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06/06/2014
By: terry.kocsis
Animal Friends
On 5/14/2014 my partner and I happened upon Animal Friends on Camp Horne Road, Pittsburgh. We wanted to bring a puppy into our home and had our hearts set on the Shih-Tzu breed. We had been in contact with breeders all across the state initially looking for a well bred pedigree. We were driving in the North Hills and decided to stop by Animal Friends and see if they still had the Shih Tzu we saw online a few weeks before. Nikki, a very knowledgeable and compassionate worker at animal friends directed us to the area where dogs are housed. Before we left the desk she also noted that the Shih Tzu we saw online was still there, but was part of a "bonded pair." This meant that where he lived previously he has become irrevocably close with another dog (his brother) and they have come to depend on one another for support and protection. We decided that we had come a far way and should entertain the notion of seeing both dogs. Passing through Animal Friends we were visiting all of the rabbits, cats & kittens and eventually the canines. We marveled at how orderly and inviting the place was. There were even full sized social/ exercise rooms for the animals. We took note that time is taken with each animal to be petted, groomed, and cared for. Finally arriving at the pen of the Shih-Tzu's... We instantly fell in love! Nikki then took us to a private room where we could get acquainted with the dogs and see if we would want to adopt. While having our interaction with both of the boys, we answered some questions about our lives to see if we would be suitable "parents," and then she told us much about where they came from and their health history. I was surprised and delighted by how much detail Animal Friends spent on profiling their charges. The dogs were both neutered, were up to date on all vaccinations and we're already licensed! We were so enamored by their personalities that we decided to adopt! Since they were a bonded pair- Animal Friends only charged us for a single dog which was a $75.00 donation. I could not believe that I was willing to spend over $1000.00 for a single puppy when I was now adopting two loveable doggies in need of a good home for so little a cost. Nikki was excellent, and she has become a friend of the family receiving regular doggy pictures and updates on how they are doing. A week after we brought them home, the second dog came down with a bad cold, and Animal Friends asked us to bring them up for a veterinarian appointment. Marsha, a vet tech at Animal Friends was so caring and thorough with my dogs that it really touched my heart. She was very knowledgeable and made sure that the dogs received proper treatment. I must say that the service was amazing. Animal Friends truly does care about their animals and to whom they adopt them out to. In saying so, I highly recommend anyone who is looking to adopt a pet to visit them and possibly go home with a new addition to your home!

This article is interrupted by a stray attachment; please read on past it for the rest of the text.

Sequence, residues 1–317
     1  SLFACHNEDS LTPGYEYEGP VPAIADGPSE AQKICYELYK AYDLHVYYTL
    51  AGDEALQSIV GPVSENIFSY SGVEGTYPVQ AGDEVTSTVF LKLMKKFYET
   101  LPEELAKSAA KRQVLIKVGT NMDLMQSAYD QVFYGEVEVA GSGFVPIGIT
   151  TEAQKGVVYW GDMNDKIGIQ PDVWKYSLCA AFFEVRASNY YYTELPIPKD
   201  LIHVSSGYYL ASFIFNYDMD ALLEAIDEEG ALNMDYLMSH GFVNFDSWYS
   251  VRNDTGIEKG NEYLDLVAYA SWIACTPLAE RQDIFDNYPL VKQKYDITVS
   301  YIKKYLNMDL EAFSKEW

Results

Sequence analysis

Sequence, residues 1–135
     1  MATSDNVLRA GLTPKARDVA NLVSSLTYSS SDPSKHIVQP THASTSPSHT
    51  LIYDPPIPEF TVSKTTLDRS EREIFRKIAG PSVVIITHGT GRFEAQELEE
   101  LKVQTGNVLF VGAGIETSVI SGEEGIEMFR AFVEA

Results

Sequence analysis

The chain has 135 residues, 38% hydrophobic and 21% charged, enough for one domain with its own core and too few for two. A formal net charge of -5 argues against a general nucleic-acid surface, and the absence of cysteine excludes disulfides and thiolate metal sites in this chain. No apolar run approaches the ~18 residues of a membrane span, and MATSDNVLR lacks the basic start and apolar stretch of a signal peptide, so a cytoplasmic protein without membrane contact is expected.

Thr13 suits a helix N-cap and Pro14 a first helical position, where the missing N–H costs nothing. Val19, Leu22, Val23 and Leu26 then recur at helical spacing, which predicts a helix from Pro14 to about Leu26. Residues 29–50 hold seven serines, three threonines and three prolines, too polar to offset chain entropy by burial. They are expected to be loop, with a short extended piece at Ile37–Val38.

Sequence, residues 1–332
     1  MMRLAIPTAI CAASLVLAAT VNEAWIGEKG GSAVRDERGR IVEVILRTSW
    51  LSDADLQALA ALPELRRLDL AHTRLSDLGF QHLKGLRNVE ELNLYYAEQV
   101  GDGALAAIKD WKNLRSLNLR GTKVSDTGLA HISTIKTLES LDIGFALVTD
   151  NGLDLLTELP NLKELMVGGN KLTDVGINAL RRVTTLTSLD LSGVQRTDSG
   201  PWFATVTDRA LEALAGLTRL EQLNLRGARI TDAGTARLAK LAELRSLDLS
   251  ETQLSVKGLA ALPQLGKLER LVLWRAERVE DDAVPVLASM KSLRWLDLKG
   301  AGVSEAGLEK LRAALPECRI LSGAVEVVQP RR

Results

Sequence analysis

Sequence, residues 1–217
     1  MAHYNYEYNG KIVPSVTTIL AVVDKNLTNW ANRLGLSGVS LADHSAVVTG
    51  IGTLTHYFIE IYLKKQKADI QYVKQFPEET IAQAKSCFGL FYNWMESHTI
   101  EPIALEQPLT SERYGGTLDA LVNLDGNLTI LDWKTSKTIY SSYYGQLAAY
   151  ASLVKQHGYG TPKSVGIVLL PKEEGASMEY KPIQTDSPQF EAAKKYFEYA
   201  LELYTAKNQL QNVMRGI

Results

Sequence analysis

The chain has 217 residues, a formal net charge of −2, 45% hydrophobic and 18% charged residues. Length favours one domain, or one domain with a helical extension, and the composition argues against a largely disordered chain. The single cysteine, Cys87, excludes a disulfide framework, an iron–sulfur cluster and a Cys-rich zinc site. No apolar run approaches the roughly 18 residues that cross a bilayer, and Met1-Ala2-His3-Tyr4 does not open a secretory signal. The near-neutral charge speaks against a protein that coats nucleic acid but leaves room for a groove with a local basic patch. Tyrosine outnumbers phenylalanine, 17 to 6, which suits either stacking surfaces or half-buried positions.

01/08/2017
By: Diana S.
Animal Friends
Wanted to attend teacup meetup with my dog. Since in two different occasions I drove my 25 miles to attend published meetup and to find it was cancelled. I called ahead three times...no answer...left three messeges...no answer. Did eventually 1/2 hour before it started...receptionist said it was on calender and she was not certain...redirected my call...voice mail only..tried to call again...could not get thru!I give up...they seem really bor to care...hour later..no call...Never going to attend. Their loss of my money.
12/11/2013
By: captainsherlock
Animal Friends
I've just read a lot of negative comments and I'm sorry you had a bad experience. A year ago I adopted a corgi-Aussie cattle mix. She was a stray, rescued from death from another shelter. Lana was a perfect match for me. The only negative is she was bigger than I thought I wanted. The staff was excited to help us with the adoption process. Lana has been a blessing to me and I am grateful to have her.
Tips & Advices
Most city and county shelters offer affordable spay/neuter services. SPCA and Humane Society shelters also are known for their low-cost spay/neuter programs.
Shelters typically offer spay/neuter surgery, vaccinations, microchipping and some essential medical treatment (deworming, mange treatment) to animals being adopted from the shelter. For other veterinary services, you will need to find a vet.
No-kill and low-kill shelters will state it in their online profile and other official materials. They will usually explain what their process/policy is for looking after the animals in their care. These are also known as “limited admission” shelters because they are usually at full capacity most or all of the time. Also, they often work with rescue organizations or county Animal Services authorities to accommodate animals living in inhumane conditions, abandoned or injured animals.
Anyone can bring a lost animal to a county or municipal shelter. However, private shelters affiliated with rescues often will not accept animals, whether lost or surrendered by owners. Shelters with low-kill policies often have a limited admission capability.
Adopting an adult dog from a county or city shelter usually costs $75-$100. Young adult purebreds and puppies often have a higher adoption fee.  The fee to adopt a cat is usually about $50– sometimes with discounts if one new owner adopts two cats. The adoption fee usually covers the cost of spay/neuter surgery and essential vaccinations.

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